[German]A vulnerability in Thales modules threatens the security of millions of critical, interconnected devices in the automotive, energy, telecommunications and medical sectors. It allows hackers to hijack the device or access the internal network. In some cases, the vulnerability can be exploited remotely over 3G. But there are patches from the manufacturer.
The Thales Group provides SIMs and IoT modules to interconnect IoT devices – with 3 billion devices being interconnected every year (according to this website).
Vulnerability in Thales modules
Security researchers from IBM’s hacker team, X-Force Red, found the vulnerability CVE-2020-15858 in the Gemalto Cinterion EHS8 M2M module (Gemalto was acquired by the French Thales group in 2019) in September 2019 and described it here. The Cinterion EHS8 M2M module has been used in millions of Internet-connected devices over the last ten years. Further research has now confirmed that the Thalos modules BGS5, EHS5/6/8, PDS5/6/8, ELS61, ELS81, PLS62 also contain the vulnerability. These modules are mini printed circuit boards that enable mobile communication in IoT devices.
Common to all modules is that Java code is stored and executed there. The Java code often contains confidential information such as passwords, encryption keys and certificates. With the information stolen from the modules, malicious actors can potentially control a device or gain access to the central control network to carry out wide-ranging attacks. In some cases, the attack can even occur remotely over 3G connections.
The EHS8 module and the other modules in the series are designed to enable secure communication between connected devices over 3G/4G networks. This module al can be thought of as the equivalent of a trusted digital safe deposit box, where companies can securely store a range of secrets such as passwords, credentials and operating codes.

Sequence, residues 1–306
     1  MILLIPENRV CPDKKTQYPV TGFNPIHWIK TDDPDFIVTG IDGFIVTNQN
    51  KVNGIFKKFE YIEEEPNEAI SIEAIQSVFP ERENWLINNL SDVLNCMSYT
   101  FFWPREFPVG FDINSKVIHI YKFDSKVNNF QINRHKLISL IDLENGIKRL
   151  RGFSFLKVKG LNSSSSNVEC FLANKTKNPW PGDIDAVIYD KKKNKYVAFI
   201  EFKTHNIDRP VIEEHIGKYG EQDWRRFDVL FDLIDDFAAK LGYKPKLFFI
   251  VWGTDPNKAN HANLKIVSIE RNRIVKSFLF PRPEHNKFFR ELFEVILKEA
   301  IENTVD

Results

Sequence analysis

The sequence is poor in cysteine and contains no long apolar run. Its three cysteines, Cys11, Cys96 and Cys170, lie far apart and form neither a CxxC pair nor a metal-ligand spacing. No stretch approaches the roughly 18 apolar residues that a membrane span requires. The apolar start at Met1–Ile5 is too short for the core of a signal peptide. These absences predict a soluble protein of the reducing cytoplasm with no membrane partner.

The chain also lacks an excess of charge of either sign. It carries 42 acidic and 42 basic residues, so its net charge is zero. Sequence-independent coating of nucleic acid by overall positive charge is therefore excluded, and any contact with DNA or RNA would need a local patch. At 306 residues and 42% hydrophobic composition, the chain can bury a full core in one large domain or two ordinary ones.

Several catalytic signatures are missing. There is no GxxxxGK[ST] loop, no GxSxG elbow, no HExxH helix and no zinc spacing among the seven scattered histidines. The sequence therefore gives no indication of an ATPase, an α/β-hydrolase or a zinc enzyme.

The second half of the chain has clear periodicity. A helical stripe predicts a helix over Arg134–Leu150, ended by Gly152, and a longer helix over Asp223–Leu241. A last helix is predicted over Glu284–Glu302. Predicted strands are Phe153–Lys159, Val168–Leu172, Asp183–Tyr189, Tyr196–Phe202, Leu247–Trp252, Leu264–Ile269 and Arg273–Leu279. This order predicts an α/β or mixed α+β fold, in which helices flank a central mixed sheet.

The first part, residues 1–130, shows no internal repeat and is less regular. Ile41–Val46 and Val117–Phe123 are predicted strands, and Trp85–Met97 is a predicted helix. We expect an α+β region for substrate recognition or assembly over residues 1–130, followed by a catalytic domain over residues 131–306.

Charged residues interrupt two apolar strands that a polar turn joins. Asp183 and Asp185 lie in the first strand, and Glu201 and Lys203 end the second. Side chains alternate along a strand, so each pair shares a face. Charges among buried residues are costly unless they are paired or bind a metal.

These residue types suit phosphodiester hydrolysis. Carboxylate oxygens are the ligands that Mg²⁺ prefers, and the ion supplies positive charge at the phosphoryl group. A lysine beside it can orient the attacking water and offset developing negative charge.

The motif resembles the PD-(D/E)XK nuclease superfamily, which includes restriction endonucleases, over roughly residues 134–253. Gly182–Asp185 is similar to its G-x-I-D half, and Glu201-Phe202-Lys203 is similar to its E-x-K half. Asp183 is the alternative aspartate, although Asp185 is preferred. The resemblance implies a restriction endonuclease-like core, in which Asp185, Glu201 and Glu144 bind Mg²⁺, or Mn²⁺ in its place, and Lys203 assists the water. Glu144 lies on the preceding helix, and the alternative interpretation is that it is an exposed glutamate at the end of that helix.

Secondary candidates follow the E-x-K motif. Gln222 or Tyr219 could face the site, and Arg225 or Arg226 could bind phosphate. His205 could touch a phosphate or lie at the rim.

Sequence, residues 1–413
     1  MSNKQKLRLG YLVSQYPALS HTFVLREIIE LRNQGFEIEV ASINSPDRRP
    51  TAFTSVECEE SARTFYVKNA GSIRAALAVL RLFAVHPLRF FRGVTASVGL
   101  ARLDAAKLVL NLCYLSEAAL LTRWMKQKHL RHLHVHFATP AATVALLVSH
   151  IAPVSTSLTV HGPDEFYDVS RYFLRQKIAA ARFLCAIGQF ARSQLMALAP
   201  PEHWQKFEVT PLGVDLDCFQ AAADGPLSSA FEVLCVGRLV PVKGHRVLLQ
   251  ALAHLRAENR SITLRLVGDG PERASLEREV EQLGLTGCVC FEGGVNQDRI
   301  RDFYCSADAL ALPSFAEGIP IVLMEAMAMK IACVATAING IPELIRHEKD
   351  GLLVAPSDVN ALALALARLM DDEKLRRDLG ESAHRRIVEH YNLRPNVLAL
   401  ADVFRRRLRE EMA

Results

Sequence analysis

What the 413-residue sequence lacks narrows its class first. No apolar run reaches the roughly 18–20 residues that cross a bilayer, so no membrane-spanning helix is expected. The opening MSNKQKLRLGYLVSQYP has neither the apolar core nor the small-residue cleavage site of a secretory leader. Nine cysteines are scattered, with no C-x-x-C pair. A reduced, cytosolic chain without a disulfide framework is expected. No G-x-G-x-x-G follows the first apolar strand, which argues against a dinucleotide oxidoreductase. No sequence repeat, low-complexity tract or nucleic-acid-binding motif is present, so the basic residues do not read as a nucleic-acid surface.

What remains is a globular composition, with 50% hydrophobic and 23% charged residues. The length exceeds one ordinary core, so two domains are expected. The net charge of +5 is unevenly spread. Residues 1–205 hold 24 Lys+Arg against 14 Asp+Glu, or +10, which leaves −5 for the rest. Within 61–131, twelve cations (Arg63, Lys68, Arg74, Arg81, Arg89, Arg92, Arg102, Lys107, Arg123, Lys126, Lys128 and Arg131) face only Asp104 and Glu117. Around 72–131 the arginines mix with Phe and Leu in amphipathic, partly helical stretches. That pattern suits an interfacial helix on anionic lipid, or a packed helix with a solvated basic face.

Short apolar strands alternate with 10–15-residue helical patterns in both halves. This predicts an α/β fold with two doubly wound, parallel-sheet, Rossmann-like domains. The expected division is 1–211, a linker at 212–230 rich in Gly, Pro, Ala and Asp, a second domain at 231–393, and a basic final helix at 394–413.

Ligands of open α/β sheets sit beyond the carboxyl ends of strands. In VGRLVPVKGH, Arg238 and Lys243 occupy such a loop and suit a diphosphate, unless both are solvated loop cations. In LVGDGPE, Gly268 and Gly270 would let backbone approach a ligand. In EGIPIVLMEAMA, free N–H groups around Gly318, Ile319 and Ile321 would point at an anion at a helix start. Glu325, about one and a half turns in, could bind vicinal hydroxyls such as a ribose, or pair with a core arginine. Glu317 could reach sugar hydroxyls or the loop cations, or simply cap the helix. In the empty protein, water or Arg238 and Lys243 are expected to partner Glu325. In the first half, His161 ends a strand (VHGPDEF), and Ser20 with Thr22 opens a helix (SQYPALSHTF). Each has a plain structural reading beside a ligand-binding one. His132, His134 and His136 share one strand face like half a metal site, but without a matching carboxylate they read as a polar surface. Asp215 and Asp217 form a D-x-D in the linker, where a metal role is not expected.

X-Force Red discovered a way to bypass the security checks that protect files or operation codes from unauthorized users. This vulnerability could allow attackers to compromise millions of devices and access the networks or VPNs that support these devices. In turn, intellectual property (IP), credentials, passwords, and encryption keys could be easily accessible to an attacker. In other words, confidential information stored by the module may no longer be confidential. Attackers could even appropriate the application code to completely change the logic and manipulate devices.
By exploiting this vulnerability, attackers may be able to instruct smart meters to turn off the electricity in a city or even overdose on medical devices. The details can be read here.
Thales has released an update
Once this vulnerability was discovered, it was immediately reported to Thales. Thales developed a patch which was tested together with the X-Force Red team in February 2020.
The patch can be managed in two ways – either by plugging in a USB connector to run a software update or by managing an over-the-air (OTA) update. The update process for this vulnerability depends entirely on the manufacturer of the device and its capabilities – for example, access to the Internet could make it difficult to work with the device. The more regulated a device is (medical devices, industrial controls, etc.), the more difficult it is to apply the patch, as this may require an often time-consuming recertification process. (via)